In the freshly cleaned-out and organized garage cupboard, I found a bottle of orange oil, and in the hall closet, a container of mink oil. I’d heard, shortly after I’d bought it, that mink oil is not all that great for reviving tired leather. But not having anything else…

It seems to have worked well: moistened up the parched, dried-out areas and darkened the leather enough to sorta hide the grease rings. Didn’t get rid of them, but made them less noticeable. It really helped on the family-room chair, though: completely hid all the Charley scratches, all the Ruby scratches, and all the Cassie scratches, as well as any number of other nicks, dings, and gouges. That chair looks practically new. The living-room sofa and chair just look…a lot better.

This was quite a job. Then I had on the list to oil the casework. What a difference it makes to massage a decent oil into a Thos. Moser or a Stickley piece! Wow!

My mother’s furniture — two bureau drawers, a dressing table, and a small desk from the late 1950s in what was then the Danish modern style — have a sort of golden finish on them with some kind of shellac over it. Oiling it makes it look prettier but does little, as far as I can tell, for the wood. But the Thos. Moser chairs certainly seemed to like it.

Contemplating those old 1950s pieces, I recalled that the finish is rubbed off the front edge of my mother’s dressing table, where she sat to apply her make-up every day. Literally every day: she wouldn’t go out of the house without being fully made up. I figured if we came back to the States in 1957, when she bought that furniture, and she lived to 1976, then she used that table for 19 years. That means she sat in front of it to paint her face 6,764 times!

Give or take. Some days she probably applied fresh makeup before going out for dinner or some such thing. And the last three months or so of her life, she was too sick to do much else than lay in the bed and die.

Oh well. Don’t smoke, folks!

One of the cleaning lady’s most endearing traits is a passionate sense of orderliness. This woman loves for things to stand in straight lines, just…so. When she puts your tschotskes back on a table or a mantelpiece, she puts them in a tidy, straight row, exactly the same distance apart — as though she measured their positions with a tape measure.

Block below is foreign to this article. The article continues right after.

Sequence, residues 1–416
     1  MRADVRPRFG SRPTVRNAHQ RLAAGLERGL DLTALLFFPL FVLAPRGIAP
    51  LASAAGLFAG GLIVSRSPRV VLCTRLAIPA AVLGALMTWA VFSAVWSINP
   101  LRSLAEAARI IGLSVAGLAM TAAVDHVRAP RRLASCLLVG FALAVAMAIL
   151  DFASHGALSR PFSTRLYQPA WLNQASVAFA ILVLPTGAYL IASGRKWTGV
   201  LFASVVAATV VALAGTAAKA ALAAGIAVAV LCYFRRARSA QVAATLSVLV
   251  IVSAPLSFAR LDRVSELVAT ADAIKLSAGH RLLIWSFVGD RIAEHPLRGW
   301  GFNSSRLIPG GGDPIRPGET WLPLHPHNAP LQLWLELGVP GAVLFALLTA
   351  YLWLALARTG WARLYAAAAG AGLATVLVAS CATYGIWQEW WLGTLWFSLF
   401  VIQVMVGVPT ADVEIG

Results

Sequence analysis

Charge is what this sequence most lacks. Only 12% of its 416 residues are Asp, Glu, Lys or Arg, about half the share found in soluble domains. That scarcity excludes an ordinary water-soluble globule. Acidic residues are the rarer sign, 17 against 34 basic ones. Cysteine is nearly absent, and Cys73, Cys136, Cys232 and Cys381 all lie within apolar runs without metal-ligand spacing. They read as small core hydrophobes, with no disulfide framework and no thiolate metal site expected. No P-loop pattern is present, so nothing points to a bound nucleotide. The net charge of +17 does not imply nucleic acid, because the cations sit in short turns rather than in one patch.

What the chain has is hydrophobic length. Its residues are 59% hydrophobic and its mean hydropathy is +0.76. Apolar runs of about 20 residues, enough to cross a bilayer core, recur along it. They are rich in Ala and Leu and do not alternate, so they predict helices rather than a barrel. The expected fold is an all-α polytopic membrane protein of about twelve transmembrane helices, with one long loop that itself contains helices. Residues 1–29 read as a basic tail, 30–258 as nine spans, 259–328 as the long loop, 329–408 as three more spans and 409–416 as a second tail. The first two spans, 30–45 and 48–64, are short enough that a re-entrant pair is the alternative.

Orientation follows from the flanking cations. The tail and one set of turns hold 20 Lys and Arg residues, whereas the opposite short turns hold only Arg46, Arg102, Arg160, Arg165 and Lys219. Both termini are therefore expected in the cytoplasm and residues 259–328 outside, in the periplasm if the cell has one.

I, on the other hand, prefer to organize things aysmmetrically. So whenever I dust the mantel, I reorganize her meticulous layout to fit my disorderly taste:

{chortle!} Does that or does that not look better?

These chores added up to a bit of a project. So I didn’t get much paying work done.

Come the dawn, I had to sit down with the half-forgotten index and start up the process again. So I worked and I worked and I worked and I worked and I worked and I worked, hoping to get through about 50 pages of the page proofs. Got almost up to my goal, very tired, when BLINK!

The goddamn computer shut down AGAIN!

Jezus Aitch Keerist! I couldn’t believe it.

It came back up, surprisingly. But of course, the file it brought up was not complete: it had lost upwards of an hour’s worth of work.

So I call AppleCare and get, for the first time in recorded history, a truly unhelpful Apple Support tech. He wanted to get me into iCloud to fool around, but I couldn’t find a password that worked, so he wanted me to change my password. And his instructions did not work. He finally hung up in frustration, about 30 seconds before I was about to do so.

So now I’m in despair, figuring I’m going to have to do all that brain-banging BORING work over again.

Start fiddling around, and lo! Somehow the more recent version of the file pops up!

It’s a miracle. The thing has actually lost nothing.

Nor should it have: Word on the MacBook is set to save every five minutes (in anticipation of just this sort of contingency…), and so there was no reason (in theory) that it should have lost an hour’s worth of data.

Another burst of labor indexed 150 pages, about halfway through the book. At that rate, I should finish the draft of this index in about three days, and then be able to send it off to the client the middle of next week. Not on time, but not so very late.

Then I can start on the next book.



So, in the chore-a-day continuum, today is the first day of the Great Closet Clean-up. Every closet and cabinet in the house is jammed with 15 years’ worth of collected junk, about 14 years’ worth of which could go. So I decided to add shoveling out one closet, cabinet, or piece of furniture with drawers to the job of the day. A four-bedroom shack has rather more closets and cabinets than one would like, especially after the proprietor has hired some dude to line the garage walls with storage. Videlicet:

  • Hall linen closet
  • Vacuum (coat) closet
  • Master bedroom closet
  • Guest bedroom closet
  • Storage room closet
  • Office closet
  • Desk drawers
  • Armoire
  • Bathroom 1 cabinets
  • Bathroom 2 cabinets
  • Garage cabinets east
  • Garage cabinets west
  • Garage open shelves